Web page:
Wednesday, May 05, 2010

Am I random

The answer to the question "Am I random?" may well be yes. That is, some of you who know me well may consider me to be a bit scatterbrained and forgetful. But of course, that's not really what I'm asking. I'm asking the question "am I the product of random combinations and blind chance?"

Biology is certainly not my speciality but at both school and college mathematics was something I enjoyed and did reasonably well at. This morning I read an article on the mathematics of random chance that I found really interesting. Whatever your view on the age of the earth and the evolution debate the article itself is fascinating as a mathematical argument. Have a look and let me know what you think.

Monday, May 03, 2010

Not Going to Church

 "I've decided to have a week off church because you don't need to go to church to be a Christian so there is no obligation for me to go"
Ever heard anything like that? There are other variations on it: "I don't need to read my Bible every day because there is no command that tells me to in the Bible." and so on and so forth.

 Ben (Assistant Pastor at BABC) was preaching on Jesus' words about divorce on Sunday night and came out with something quite excellent. He said that with divorce the wrong question to ask is "is it allowed" because that's basically being legalistic about it. The issue then becomes what can I get away with because LAW is the way to view things.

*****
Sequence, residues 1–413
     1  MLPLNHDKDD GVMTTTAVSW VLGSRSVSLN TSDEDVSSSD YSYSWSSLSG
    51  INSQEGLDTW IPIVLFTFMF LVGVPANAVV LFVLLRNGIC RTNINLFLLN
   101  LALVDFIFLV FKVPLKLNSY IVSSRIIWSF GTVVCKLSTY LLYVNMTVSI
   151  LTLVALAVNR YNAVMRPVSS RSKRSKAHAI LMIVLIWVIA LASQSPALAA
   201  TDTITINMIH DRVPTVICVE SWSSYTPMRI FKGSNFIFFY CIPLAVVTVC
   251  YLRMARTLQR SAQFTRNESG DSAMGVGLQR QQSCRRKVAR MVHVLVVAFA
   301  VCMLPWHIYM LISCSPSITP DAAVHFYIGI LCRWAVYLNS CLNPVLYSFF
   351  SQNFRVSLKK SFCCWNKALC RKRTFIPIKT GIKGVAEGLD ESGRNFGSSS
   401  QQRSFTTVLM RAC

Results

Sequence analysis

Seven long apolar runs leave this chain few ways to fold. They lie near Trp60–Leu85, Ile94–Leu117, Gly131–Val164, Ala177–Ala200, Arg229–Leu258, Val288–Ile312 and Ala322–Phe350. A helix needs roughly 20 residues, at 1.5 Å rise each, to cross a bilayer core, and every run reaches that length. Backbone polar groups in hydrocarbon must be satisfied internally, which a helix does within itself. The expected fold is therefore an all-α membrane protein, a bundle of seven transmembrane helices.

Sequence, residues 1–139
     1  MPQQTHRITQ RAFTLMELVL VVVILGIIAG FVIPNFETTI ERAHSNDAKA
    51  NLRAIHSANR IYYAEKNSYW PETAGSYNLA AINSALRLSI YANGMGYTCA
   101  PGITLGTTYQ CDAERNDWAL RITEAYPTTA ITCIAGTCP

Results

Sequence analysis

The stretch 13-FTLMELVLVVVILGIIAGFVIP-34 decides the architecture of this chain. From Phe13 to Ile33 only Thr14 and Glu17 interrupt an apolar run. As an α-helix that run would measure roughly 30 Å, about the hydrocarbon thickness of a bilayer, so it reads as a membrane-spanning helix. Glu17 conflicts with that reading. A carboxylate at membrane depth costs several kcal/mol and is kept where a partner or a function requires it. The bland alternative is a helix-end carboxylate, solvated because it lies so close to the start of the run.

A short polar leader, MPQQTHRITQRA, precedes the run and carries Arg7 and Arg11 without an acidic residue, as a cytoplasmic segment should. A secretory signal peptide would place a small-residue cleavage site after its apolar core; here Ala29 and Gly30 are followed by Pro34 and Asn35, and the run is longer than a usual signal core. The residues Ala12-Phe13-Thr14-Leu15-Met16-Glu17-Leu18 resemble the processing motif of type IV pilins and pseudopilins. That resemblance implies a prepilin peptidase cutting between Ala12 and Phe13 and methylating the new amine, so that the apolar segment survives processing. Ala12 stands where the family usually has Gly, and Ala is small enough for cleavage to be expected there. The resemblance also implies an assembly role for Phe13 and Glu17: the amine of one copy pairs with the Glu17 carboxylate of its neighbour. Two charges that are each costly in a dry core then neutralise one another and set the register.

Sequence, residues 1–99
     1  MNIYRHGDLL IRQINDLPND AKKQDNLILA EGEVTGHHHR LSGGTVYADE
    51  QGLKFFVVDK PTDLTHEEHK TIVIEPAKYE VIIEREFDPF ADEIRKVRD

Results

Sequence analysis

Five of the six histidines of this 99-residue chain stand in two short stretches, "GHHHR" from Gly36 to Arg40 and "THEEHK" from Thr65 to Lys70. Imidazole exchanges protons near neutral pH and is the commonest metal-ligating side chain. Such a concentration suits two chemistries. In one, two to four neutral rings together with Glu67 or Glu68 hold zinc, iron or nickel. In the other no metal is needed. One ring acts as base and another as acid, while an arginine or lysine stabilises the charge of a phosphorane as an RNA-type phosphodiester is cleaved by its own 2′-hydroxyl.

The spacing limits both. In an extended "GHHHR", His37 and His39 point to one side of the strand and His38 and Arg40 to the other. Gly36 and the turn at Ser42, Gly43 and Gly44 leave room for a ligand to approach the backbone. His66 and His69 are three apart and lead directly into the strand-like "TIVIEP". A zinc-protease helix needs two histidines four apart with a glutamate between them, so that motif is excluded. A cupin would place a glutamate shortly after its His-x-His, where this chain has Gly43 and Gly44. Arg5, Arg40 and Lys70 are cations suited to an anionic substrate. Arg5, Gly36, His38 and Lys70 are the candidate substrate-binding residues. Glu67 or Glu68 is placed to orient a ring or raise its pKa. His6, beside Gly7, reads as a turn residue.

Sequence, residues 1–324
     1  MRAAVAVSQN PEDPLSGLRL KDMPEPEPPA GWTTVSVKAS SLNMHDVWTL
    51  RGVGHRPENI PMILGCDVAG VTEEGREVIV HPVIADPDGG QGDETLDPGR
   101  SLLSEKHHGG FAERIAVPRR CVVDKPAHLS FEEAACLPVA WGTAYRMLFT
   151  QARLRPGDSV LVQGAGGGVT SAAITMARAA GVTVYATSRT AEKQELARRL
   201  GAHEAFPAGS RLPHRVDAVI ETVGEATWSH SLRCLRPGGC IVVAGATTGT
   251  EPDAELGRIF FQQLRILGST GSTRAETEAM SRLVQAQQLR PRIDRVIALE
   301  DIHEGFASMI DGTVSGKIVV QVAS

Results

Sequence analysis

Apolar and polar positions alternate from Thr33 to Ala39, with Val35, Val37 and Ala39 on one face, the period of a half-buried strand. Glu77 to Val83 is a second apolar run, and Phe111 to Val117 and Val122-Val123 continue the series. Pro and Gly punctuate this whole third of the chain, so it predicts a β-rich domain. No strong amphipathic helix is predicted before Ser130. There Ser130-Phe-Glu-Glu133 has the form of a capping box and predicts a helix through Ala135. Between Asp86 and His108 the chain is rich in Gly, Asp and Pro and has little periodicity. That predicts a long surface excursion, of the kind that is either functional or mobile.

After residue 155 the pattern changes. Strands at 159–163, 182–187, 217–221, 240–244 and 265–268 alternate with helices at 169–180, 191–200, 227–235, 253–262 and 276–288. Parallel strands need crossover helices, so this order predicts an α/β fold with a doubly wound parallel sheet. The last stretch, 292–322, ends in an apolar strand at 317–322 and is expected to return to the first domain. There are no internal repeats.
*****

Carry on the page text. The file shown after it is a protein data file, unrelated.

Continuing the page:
He applied it more broadly and said if we say "There is no command to go to church so I wont" is being legalistic about it (albeit inverted legalism). I live my life by what is permitted and what is commanded seems to be a million miles away from the kind of relational priorities that Jesus had.
Better questions are:
How will this affect my relationship with Christ?
How will this affect my relationship with others?

 I bet you've never heard some one who doesn't read their Bible and doesn't go to church a legalist eh?
It's amazing how deceitful sin is.

Saturday, May 01, 2010

Song of Solomon

The Song of Solomon is one of the books of the Bible that lots of people really don't know what to do with. At first glance it is a love poem between Solomon and one of his brides, and as such it's intimate and at times surprisingly explicit. Recent sermons I have heard on the book have taken it primarily as a love poem that speaks into the pre-marriage and marriage setting. In other words its about human love and the wonder of a rich gift  God has given us. I found listening to material that treats the book like this very helpful and enriching on many levels. The church has been shy to talk about these things because we don't want to cheapen something precious but in so doing we have left a whole generation of people uneducated about what God thinks of sex and marriage. Song of Solomon has lots to say to couples today and it would be a huge shame not to take its wisdom to heart.

But, in many writers, particularly those of years past Song of Solomon was primarily about Jesus and the Church, it was a metaphor for the deep relationship that exists between the heavenly bridegroom (Jesus) and us.